The team reset deuterium levels to zero at the beginning of the simulations, then watched to see if enough deuterium-enriched ice could be produced within 1 million years — a standard lifetime for planet-forming disks.

    The answer was no. The results suggest that up to 30 to 50 percent of Earth’s ocean water and perhaps 60 to 100 percent of the water on comets originally formed in interstellar space, before the sun was born. (These are the high-end estimates generated by the simulations; the low-end estimates suggest that at least 7 percent of ocean water and at least 14 percent of comet water predates the sun.)

    While these findings, published online today (Sept. 25) in the journal Science, will doubtless be of interest to astrobiologists, they also resonated with Cleeves on a personal level, she said.

    “A significant fraction of Earth’s water is likely incredibly old, so old that it predates the Earth itself,” Cleeves said. “For me, uncovering these kinds of direct links between our daily experience and the galaxy at large is fascinating and puts a wonderful perspective on our place in the universe.”

    See the full article here.

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  • richardmitnick 8:45 am on August 21, 2014 Permalink | Reply
    Tags: , , , Water,   

    From Astrobiology: “Scientists Detect Evidence of ‘Oceans Worth’ of Water in Earth’s Mantle” 

    Astrobiology Magazine

    Astrobiology Magazine

    Aug 21, 2014
    Andrew Williams

    Researchers have found evidence of a potential “ocean’s worth” of water deep beneath the United States.

    Although not present in a familiar form, the building blocks of water are bound up in rock located deep in the Earth’s mantle, and in quantities large enough to represent the largest water reservoir on the planet, according to the research.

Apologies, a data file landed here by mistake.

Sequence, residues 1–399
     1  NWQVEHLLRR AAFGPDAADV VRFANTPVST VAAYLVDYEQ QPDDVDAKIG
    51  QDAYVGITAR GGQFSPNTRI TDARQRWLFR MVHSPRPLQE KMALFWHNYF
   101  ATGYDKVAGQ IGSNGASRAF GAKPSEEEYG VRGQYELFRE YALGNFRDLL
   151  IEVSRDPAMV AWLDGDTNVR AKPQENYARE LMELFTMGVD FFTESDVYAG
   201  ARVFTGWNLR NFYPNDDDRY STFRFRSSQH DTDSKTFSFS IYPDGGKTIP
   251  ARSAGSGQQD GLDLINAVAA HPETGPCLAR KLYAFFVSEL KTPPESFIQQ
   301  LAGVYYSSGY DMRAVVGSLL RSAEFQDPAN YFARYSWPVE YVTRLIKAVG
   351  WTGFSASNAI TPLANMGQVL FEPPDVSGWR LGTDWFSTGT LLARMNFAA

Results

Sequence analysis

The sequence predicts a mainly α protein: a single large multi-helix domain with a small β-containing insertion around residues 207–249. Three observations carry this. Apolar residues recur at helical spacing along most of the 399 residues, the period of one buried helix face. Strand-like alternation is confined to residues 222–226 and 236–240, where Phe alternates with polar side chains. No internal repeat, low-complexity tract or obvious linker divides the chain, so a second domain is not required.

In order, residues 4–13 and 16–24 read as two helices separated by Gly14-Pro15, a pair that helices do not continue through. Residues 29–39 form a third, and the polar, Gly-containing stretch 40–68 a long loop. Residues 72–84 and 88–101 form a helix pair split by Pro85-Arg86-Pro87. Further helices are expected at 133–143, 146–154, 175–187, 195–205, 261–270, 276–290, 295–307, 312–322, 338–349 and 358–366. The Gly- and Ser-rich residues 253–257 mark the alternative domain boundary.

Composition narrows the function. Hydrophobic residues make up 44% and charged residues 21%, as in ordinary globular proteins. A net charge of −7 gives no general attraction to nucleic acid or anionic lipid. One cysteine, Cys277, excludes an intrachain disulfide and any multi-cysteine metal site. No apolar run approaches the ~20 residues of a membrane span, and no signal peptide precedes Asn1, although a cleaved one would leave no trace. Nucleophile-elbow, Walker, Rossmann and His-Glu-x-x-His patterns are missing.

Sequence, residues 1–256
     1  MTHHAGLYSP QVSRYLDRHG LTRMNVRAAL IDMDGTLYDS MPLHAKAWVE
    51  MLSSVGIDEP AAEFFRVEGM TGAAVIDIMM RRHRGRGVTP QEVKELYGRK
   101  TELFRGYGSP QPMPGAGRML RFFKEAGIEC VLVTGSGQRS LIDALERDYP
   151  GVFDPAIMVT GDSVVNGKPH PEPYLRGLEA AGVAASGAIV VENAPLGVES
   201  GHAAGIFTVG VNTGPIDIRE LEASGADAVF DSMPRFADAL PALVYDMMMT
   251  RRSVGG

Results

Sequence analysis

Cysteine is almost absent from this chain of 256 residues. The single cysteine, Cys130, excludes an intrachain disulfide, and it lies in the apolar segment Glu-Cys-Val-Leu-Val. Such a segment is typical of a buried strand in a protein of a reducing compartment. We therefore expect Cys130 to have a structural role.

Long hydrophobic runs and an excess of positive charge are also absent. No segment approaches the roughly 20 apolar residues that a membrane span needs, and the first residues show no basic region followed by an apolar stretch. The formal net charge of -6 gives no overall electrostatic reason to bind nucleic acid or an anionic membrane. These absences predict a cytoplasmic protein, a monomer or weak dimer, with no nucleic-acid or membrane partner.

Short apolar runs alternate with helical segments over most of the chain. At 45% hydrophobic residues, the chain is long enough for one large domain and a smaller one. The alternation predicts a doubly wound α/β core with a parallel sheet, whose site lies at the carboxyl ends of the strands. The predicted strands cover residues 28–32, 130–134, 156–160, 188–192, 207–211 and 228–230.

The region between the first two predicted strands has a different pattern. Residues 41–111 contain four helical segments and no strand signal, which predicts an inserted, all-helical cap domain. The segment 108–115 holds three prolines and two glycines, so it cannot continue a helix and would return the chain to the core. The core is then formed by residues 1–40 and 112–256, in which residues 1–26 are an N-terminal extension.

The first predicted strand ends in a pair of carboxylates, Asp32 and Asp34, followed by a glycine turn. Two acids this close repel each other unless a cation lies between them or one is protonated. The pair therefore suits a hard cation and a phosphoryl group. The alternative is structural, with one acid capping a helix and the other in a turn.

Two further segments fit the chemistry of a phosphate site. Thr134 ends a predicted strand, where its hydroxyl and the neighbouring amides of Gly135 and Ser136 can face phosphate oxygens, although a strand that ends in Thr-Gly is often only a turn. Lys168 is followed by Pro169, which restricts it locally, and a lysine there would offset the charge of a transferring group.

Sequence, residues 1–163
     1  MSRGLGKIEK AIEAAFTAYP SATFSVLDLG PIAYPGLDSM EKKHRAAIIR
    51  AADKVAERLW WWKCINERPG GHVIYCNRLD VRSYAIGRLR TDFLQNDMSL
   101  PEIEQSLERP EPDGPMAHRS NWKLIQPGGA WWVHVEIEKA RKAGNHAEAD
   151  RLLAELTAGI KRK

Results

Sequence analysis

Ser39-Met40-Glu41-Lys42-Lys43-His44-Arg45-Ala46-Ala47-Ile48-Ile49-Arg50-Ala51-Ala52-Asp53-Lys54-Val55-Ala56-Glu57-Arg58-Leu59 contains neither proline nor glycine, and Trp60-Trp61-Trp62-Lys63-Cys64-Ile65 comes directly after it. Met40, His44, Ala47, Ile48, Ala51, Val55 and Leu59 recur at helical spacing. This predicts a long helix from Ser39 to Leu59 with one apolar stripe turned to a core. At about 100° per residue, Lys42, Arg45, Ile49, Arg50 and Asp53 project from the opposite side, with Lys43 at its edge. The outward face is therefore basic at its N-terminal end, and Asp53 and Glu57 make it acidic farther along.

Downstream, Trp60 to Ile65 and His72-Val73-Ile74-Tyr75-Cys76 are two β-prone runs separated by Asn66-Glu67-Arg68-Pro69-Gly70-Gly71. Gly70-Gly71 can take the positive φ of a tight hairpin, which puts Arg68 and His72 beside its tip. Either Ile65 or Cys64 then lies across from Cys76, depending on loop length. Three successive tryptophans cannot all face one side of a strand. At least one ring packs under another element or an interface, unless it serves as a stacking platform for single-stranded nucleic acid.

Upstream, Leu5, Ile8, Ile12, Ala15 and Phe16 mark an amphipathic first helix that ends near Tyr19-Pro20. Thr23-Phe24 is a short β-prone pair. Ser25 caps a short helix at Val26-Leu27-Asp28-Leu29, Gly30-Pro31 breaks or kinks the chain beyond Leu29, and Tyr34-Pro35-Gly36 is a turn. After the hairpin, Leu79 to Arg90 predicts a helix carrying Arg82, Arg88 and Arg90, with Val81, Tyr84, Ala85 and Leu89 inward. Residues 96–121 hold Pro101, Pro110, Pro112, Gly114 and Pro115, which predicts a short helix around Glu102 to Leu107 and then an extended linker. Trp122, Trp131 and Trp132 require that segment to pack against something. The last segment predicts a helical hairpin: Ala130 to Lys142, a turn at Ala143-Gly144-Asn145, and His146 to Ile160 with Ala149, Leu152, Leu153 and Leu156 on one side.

For many years, scientists have attempted to establish exactly how much water may be cycling between the Earth’s surface and interior reservoirs through the action of plate tectonics. Northwestern University geophysicist Steve Jacobsen and University of New Mexico seismologist Brandon Schmandt have found deep pockets of magma around 400 miles beneath North America — a strong indicator of the presence of H₂O stored in the crystal structure of high-pressure minerals at these depths.

    “The total H₂O content of the planet has long been among the most poorly constrained ‘geochemical parameters’ in Earth science. Our study has found evidence for widespread hydration of the mantle transition zone,” says Jacobsen.

    For at least 20 years geologists have known from laboratory experiments that the Earth’s transition zone — a rocky layer of the Earth’s mantle located between the lower mantle and upper mantle, at depths between 250 and 410 miles — can, in theory, hold about 1 percent of its total weight as H₂O, bound up in minerals called wadsleyite and ringwoodite. However, as Schmandt explains, up until now it has been difficult to figure out whether that potential water reservoir is empty, as many have suggested, or not.

    If there does turn out to be a substantial amount of H₂O in the transition zone, then recent laboratory experiments conducted by Jacobsen indicate there should be large quantities of what he calls “partial melt” in areas where mantle flows downward out of the zone. This water-rich silicate melt is molten rock that occurs at grain boundaries between solid mineral crystals and may account for about 1 percent of the volume of rocks.